# [Rd] inconsistent handling of factor, character, and logical predictors in lm()

Fox, John j|ox @end|ng |rom mcm@@ter@c@
Sat Aug 31 17:54:24 CEST 2019

```Dear Abby,

> On Aug 30, 2019, at 8:20 PM, Abby Spurdle <spurdle.a using gmail.com> wrote:
>
>> I think that it would be better to handle factors, character predictors, and logical predictors consistently.
>
> "logical predictors" can be regarded as categorical or continuous (i.e. 0 or 1).
> And the model matrix should be the same, either way.

I think that you're mistaking a coincidence for a principle. The coincidence is that FALSE/TRUE coerces to 0/1 and sorts to FALSE, TRUE. Functions like lm() treat logical predictors as factors, *not* as numerical variables.

That one would get the same coefficient in either case is a consequence of the coincidence and the fact that the default contrasts for unordered factors are contr.treatment(). For example, if you changed the contrasts option, you'd get a different estimate (though of course a model with the same fit to the data and an equivalent interpretation):

------------ snip --------------

> options(contrasts=c("contr.sum", "contr.poly"))
> m3 <- lm(Sepal.Length ~ Sepal.Width + I(Species == "setosa"), data=iris)
> m3

Call:
lm(formula = Sepal.Length ~ Sepal.Width + I(Species == "setosa"),
data = iris)

Coefficients:
(Intercept)              Sepal.Width  I(Species == "setosa")1
2.6672                   0.9418                   0.8898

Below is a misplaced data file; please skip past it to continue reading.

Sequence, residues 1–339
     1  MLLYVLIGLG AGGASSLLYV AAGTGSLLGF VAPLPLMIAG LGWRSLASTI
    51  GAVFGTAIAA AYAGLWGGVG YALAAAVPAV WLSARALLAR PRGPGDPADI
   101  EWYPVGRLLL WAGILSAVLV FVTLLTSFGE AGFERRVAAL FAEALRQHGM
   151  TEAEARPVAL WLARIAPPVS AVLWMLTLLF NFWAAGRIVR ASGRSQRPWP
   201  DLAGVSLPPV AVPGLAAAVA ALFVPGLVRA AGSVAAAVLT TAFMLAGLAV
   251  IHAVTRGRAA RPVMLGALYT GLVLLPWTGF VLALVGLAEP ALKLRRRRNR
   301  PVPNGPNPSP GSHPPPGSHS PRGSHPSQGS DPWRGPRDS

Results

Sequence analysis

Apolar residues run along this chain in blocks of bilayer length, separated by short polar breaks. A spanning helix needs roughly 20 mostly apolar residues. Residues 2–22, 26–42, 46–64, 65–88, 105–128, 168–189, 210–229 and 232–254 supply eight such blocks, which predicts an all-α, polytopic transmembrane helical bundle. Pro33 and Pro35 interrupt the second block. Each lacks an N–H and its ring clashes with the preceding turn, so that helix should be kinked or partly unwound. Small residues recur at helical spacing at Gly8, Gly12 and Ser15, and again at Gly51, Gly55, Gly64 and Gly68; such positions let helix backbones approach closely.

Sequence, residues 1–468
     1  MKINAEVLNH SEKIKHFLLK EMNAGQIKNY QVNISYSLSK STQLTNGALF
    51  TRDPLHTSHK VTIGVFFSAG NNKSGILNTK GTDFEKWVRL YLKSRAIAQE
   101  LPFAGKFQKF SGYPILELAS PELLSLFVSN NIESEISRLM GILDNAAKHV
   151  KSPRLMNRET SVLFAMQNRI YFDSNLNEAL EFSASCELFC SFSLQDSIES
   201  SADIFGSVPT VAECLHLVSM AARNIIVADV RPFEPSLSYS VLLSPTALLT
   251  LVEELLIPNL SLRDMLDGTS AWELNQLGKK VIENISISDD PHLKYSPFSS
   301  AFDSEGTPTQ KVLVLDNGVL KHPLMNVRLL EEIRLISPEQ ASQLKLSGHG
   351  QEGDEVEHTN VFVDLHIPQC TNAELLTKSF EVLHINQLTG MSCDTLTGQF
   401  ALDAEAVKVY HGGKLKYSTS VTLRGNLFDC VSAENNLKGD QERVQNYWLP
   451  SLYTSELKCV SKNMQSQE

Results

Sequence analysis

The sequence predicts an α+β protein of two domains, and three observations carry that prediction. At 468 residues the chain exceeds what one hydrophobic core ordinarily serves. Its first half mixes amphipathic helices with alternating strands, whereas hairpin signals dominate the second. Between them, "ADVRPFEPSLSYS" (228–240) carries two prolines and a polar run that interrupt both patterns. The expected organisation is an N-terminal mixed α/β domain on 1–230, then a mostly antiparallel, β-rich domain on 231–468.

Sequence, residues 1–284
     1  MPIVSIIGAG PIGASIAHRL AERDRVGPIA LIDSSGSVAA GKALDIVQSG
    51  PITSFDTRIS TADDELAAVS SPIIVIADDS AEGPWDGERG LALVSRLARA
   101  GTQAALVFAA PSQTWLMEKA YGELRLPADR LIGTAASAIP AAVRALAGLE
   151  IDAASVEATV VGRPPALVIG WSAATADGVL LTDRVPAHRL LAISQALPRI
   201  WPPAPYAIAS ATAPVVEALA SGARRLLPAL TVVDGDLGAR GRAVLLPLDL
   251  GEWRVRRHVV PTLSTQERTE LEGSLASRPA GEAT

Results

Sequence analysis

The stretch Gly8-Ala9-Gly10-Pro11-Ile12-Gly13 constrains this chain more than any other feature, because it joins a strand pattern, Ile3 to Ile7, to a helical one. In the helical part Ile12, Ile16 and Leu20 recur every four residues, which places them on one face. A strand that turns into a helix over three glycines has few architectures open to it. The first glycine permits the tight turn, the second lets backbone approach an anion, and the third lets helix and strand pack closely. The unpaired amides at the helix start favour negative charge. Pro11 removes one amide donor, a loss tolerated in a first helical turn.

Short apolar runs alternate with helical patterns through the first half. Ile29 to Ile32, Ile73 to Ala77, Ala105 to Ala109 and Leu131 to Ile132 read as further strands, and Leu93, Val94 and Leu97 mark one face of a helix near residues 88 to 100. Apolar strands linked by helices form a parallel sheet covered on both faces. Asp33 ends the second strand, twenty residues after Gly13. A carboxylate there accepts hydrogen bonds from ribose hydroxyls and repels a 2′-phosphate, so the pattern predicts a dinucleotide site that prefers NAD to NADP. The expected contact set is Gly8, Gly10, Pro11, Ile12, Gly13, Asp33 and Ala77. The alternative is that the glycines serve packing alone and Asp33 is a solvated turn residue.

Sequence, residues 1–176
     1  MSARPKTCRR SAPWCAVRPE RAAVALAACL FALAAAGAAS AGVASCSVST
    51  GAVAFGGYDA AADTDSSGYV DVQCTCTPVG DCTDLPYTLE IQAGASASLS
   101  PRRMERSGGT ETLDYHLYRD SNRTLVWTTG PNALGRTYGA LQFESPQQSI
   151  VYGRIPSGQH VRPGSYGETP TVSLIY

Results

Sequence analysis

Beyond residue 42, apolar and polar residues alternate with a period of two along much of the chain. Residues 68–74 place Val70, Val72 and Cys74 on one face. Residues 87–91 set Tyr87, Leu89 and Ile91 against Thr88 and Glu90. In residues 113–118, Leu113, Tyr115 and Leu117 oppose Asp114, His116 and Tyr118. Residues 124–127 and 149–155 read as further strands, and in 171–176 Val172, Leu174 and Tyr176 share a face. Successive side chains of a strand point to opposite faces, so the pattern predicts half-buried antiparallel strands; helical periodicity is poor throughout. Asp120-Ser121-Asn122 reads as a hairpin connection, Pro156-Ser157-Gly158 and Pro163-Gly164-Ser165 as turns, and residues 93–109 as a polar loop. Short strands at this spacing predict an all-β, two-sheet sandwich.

(Intercept) Sepal.Width I(Species == "setosa")1
1           1         3.5                      -1
2           1         3.0                      -1
3           1         3.2                      -1
4           1         3.1                      -1
5           1         3.6                      -1
6           1         3.9                      -1
> tail(model.matrix(m3))
(Intercept) Sepal.Width I(Species == "setosa")1
145           1         3.3                       1
146           1         3.0                       1
147           1         2.5                       1
148           1         3.0                       1
149           1         3.4                       1
150           1         3.0                       1

> lm(Sepal.Length ~ Sepal.Width + as.numeric(Species == "setosa"), data=iris)

Call:
lm(formula = Sepal.Length ~ Sepal.Width + as.numeric(Species ==
"setosa"), data = iris)

Coefficients:
(Intercept)                      Sepal.Width  as.numeric(Species == "setosa")
3.5571                           0.9418                          -1.7797

> -2*coef(m3)
I(Species == "setosa")1
-1.779657

------------ snip --------------

>
> I think the first question to be asked is, which is the best approach,
> categorical or continuous?
> The continuous approach seems simpler and more efficient to me, but
> output from the categorical approach may be more intuitive, for some
> people.

I think that this misses the point I was trying to make: lm() et al. treat logical variables as factors, not as numerical predictors. One could argue about what's the better approach but not about what lm() does. BTW, I prefer treating a logical predictor as a factor because the predictor is essentially categorical.

>
> I note that the use factors and characters, doesn't necessarily
> produce consistent output, for \$xlevels.
> (Because factors can have their levels re-ordered).

Again, this misses the point: Both factors and character predictors produce elements in \$xlevels; logical predictors do not, even though they are treated in the model as factors. That factors have levels that aren't necessarily ordered alphabetically is a reason that I prefer using factors to using character predictors, but this has nothing to do with the point I was trying to make about \$xlevels.

Best,
John

-------------------------------------------------
John Fox, Professor Emeritus
McMaster University